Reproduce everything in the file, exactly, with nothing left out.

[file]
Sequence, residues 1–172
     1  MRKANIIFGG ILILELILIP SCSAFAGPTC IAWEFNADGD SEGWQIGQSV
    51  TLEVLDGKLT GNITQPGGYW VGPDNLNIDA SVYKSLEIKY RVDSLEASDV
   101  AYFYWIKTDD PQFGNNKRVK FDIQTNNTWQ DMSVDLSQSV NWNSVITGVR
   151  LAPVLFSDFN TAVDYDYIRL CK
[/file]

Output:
Sequence, residues 1–172
     1  MRKANIIFGG ILILELILIP SCSAFAGPTC IAWEFNADGD SEGWQIGQSV
    51  TLEVLDGKLT GNITQPGGYW VGPDNLNIDA SVYKSLEIKY RVDSLEASDV
   101  AYFYWIKTDD PQFGNNKRVK FDIQTNNTWQ DMSVDLSQSV NWNSVITGVR
   151  LAPVLFSDFN TAVDYDYIRL CK